Three Word Wednesday
Clever, Finish, Silky
Leslie sat at the intersection, leaned back and watched the semis blow by on the divided highway.
She couldn’t help feeling somewhere between smug and clever. Anderson didn’t have a chance. She reached back between the seats and touched the heavy briefcase. And now it’s all mine. ‘
Leslie smirked and lifted a glass of whiskey from the cupholder. It went down smooth, smoky and silky and lit a fire inside. So fine.
Another trio of semis zoomed past. She signed and looked both ways. There just wasn’t any way to get on the road here. As soon as one group of trucks passed, another came along, driving too fast to let her in. There wasn’t enough space to step on it and get started, let alone get up to speed.
She caught a reflection in the windshield and glanced over her shoulder. A dark-colored Acura was approaching from the rear. Someone else who went the wrong way. Leslie sighed and leaned back, adjusting the rearview – and froze.
The driver of the Acura was – what was it? He? She? The other car stopped not a foot from her bumper and she risked another glimpse into the mirror.
From the neck down, it could have been any businessperson – no, a woman, she decided. It was wearing a grey suit, closed at the neck, with pearls draped around its neck. But from the neck up, it was a horror, jaundiced, warty skin, reddish eyes and a loose, wet mouth like a crooked line drawn by a child, stretched in a twisted mockery of a smile.
Leslie reached over and touched the power lock control All four door locks clicked shut. Not that the other driver showed any evidence of getting out of the car, but Leslie believed in safety first. She eased up on the brake and moved toward the main road. The traffic pattern held – there was no break in the semis and she cursed the luck that put her on this little podunk road and not at an intersection with a traffic light.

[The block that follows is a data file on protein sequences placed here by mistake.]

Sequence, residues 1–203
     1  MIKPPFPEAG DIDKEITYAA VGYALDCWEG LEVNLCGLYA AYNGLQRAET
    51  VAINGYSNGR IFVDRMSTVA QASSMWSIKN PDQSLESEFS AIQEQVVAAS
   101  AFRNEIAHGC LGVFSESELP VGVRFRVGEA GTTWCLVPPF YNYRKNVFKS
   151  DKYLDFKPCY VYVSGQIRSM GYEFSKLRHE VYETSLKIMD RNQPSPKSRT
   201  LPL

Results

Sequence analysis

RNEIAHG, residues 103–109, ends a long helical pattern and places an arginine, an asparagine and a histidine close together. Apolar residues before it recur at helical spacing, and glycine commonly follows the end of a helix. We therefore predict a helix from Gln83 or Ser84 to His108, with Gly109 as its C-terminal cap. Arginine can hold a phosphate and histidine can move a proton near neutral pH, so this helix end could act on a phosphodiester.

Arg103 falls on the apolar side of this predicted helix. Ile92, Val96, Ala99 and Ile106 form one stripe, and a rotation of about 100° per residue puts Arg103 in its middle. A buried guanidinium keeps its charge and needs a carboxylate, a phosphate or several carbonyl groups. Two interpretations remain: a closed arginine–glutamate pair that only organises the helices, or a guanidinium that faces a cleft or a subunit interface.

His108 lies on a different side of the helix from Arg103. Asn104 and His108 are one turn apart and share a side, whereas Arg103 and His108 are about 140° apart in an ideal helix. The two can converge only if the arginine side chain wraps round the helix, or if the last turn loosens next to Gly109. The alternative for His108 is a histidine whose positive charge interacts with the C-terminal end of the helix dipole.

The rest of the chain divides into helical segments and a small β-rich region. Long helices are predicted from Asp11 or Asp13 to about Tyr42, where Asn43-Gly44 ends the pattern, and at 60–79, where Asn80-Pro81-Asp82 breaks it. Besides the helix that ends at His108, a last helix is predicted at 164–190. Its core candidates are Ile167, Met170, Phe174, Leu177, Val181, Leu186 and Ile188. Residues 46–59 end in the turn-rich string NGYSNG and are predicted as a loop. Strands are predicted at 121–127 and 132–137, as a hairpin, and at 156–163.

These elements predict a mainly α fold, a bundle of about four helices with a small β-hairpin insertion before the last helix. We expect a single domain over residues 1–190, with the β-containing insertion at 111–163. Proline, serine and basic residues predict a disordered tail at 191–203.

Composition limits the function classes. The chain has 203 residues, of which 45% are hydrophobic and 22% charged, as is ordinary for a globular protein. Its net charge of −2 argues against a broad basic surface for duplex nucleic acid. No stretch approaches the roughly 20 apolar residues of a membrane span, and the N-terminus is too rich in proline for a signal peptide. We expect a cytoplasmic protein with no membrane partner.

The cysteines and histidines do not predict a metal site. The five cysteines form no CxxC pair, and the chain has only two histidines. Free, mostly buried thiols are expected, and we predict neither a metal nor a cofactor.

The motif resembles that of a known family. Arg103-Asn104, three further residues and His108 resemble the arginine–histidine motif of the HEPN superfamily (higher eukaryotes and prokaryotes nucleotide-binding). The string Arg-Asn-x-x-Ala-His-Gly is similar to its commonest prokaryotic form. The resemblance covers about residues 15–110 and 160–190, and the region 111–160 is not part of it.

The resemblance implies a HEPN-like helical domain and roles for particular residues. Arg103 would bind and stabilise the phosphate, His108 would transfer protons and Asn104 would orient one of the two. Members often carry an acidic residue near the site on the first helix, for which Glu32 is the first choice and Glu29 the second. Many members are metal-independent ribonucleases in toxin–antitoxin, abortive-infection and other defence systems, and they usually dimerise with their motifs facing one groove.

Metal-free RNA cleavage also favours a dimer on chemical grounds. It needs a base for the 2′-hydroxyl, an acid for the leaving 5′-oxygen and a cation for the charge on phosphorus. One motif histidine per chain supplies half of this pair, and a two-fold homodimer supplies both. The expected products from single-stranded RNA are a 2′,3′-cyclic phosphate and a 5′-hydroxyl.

With no warning, there was a thud and the car jerked. Startled, she slammed on the brakes. Leslie saw smoke that had to be coming from the churning tires of the Acura behind her, and she panicked as her car inched slowly toward the highway. She pushed the gear shift into ‘park’. The car kept moving. She yanked frantically on the hand brake to no effect. The tip of the hood was nearly over the white line and a double FedEx tractor trailer was coming, too close to have any hope of stopping.
Leslie grappled with the door handle before remembering she’d locked the door. She flipped the lock. Nothing. Jammed. Oh, dear God, jammed. She tried opening the power windows, one window after another. Nothing.
Oh, why didn’t I spend the money on one of those hammers. She pounded hysterically on the window as the car moved forward in a sudden lurch. A few more inches and she would be far enough out for one of the trucks to make very small pieces of herself and her car.
She turned around and looked at the driver of the car behind her. The red eyes were glowing with a manic glee and the bizarre grin stretched from ear to ear. She heard the engine of the Acura rev to an impossible pitch and her car leaped forward, straight in the path of a semi and its horrified driver.
At the finish, she had just enough time to reach back with a mixture of terror and apathy to once again touch the case that had meant so much just a few moments before.